Baghdad: Islamic militants held around 120 Iraqi Christians hostage for nearly four hours in a church Sunday before security forces stormed the building and freed them, ending a standoff that left at least 19 people dead, US and Iraqi officials said.
Security officials said the militants, who were allegedly linked to al-Qaida in Iraq, were on the phone with Iraqi authorities demanding the release of imprisoned female insurgents when security forces stormed the building.
The standoff began at dusk when the militants attacked the nearby Iraqi stock exchange, officials said. Police then chased the insurgents toward the Our Lady of Deliverance church, one of Baghdad’s main Catholic places of worship.
Worshippers inside were listening to a Bible reading when the gunmen burst in, said parishioner Marzina Matti Yalda.
“As we went outside the hall to see what was happening, gunmen stormed the main gate and they started to shoot at us,” Yalda said. “Many people fell down, including a priest, while some of us ran inside and took shelter in a locked room. We were packed together as we waited for the security forces to arrive.”
A US Army spokesman, Lt. Col. Eric Bloom, said at least 19 people were killed — seven hostages, seven Iraqi security troops and five militants. He said the assailants were wearing suicide vests and armed with grenades. As many as 30 people were wounded, including a priest and a nun, he said.
Iraqi military officials said the death toll was at least nine, while police and medical officials put it as high as 37. The figures could not be immediately reconciled.
There were also conflicting reports about the militants’ fate. An Iraqi police official put the number of insurgents at 10 and said all were captured. And Baghdad military spokesman Major General Qassim al-Moussawi said security forces killed eight attackers, while the US military said between five and seven attackers died. Different figures are normal immediately following such attacks.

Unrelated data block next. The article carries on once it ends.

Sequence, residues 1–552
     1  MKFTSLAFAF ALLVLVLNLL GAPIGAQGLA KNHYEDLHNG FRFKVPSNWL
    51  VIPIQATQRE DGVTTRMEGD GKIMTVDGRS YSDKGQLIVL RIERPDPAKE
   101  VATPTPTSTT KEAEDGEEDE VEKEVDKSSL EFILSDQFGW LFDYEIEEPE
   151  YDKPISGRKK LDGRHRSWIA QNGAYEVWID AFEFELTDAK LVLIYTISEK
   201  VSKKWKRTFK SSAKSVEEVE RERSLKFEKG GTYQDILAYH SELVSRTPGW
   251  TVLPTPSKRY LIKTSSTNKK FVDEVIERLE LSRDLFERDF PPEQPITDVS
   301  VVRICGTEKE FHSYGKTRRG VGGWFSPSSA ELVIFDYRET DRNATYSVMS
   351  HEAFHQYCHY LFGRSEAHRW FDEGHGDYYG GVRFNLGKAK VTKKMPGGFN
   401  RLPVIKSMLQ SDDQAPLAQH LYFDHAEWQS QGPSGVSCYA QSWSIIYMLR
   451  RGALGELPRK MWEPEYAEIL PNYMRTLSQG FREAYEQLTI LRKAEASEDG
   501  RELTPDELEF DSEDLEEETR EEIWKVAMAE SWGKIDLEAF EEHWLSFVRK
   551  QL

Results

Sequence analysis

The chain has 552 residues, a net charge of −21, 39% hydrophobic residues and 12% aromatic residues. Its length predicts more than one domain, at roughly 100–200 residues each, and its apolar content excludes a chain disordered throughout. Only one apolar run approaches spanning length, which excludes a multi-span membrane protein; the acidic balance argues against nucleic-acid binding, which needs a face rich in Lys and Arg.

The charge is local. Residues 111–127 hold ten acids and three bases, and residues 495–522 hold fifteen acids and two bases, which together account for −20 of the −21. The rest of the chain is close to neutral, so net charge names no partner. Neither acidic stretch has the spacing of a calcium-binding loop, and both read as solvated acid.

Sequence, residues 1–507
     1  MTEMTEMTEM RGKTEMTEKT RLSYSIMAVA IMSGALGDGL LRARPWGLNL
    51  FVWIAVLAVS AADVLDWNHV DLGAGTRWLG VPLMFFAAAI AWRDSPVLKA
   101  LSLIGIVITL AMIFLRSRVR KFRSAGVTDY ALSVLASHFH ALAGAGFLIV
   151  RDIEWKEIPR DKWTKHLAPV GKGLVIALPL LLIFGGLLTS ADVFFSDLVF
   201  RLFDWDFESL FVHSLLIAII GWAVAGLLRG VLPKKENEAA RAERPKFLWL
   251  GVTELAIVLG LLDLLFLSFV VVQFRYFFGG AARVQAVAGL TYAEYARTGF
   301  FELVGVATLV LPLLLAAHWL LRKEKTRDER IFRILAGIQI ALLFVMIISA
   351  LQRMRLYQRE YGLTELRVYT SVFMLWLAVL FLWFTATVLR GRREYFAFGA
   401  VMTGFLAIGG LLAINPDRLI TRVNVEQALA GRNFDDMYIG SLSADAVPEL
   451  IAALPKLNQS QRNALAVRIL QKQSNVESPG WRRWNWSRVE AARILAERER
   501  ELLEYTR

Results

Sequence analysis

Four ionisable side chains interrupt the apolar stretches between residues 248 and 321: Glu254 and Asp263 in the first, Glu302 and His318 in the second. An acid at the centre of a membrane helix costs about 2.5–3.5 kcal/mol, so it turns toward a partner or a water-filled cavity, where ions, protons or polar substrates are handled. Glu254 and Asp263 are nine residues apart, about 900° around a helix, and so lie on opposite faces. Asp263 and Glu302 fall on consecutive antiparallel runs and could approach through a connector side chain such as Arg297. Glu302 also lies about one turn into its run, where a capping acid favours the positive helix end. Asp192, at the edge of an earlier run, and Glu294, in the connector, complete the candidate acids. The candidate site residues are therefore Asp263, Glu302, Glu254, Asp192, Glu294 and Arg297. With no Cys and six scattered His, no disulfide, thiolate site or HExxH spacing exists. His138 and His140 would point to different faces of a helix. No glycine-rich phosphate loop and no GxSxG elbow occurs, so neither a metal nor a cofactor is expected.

Iraqi Defense Minister Abdul-Qadir al-Obeidi said “the terrorists were planning to murder the highest number of hostages.” Across Iraq, security forces were alerted to new threats against Christians.
A cryptically worded statement posted late Sunday on a militant website allegedly by the Islamic State of Iraq appeared to claim responsibility for the attack. The group, which is linked to al-Qaida in Iraq, said it would “exterminate Iraqi Christians” if Muslim women are not freed within 48 hours from ministries and churches run by the Christian Coptic church in Egypt.
The message’s authenticity could not be immediately verified.
Iraqi Christians, who have been frequent targets for Sunni insurgents, have left in droves since the 2003 US-led war. Some 1.25 million Christians, 80% of them Catholic, used to live in Iraq. There are an estimated 870,000 left today.
“The government shoulders some responsibility when it fails to protect its citizens,” said Younadim Kanna, an Iraqi parliamentarian who is Christian. “Despite all of these terrorist attacks against the Christians, we are determined not to leave our country. And we will not be intimidated.”
A senior Iraqi intelligence official, speaking on condition of anonymity, said the insurgents called military forces and demanded the release of women prisoners linked to al-Qaida in Iraq, including an Egyptian woman whom they named.
An Iraqi police official said security forces stormed the church while the insurgents were on the phone. The US military said American forces provided air support only.
Earlier this year, the US-based National Council of Churches warned the State Department that Iraq’s political deadlock could pose a threat to the nation’s Christians if they get caught between Shiites and Sunnis competing for political power following inconclusive elections in March.
Nearly eight months after the vote, Iraqi officials have yet to settle on a power-sharing agreement or choose new leaders — a delay that many fear could undermine the country’s still fragile security.
Political leaders seemed no closer to an agreement Sunday, even feuding over an offer from neighboring Saudi Arabia — a Sunni Arab power — to help broker a deal.
The Shiite faction led by Iraqi Prime Minister Nouri al-Maliki rebuffed the Saudi initiative — despite welcoming assistance from Iran, the region’s Shiite power.
Al-Maliki’s chief rival, the Iraqiya list, has welcomed the Saudi offer. Iraqiya drew heavily on Iraq’s Sunni minority to narrowly defeat the prime minister’s bloc in the March elections.
With its power and money, Saudi Arabia commands wide influence over Sunni Arab states. But its leadership has asked that Iraqi leaders meet in Riyadh in mid-November at the earliest — extending a process that most feel has already gone on long enough.
“The Iraqis are always asking where are the Arab initiatives, where are the Arab efforts? This is it,” Saudi foreign minister Saud al-Faisal told reporters in Riyadh. He said the kingdom was not looking to meddle in Iraqi internal affairs and sought only to help broker an agreement: “We have no objective but to help.”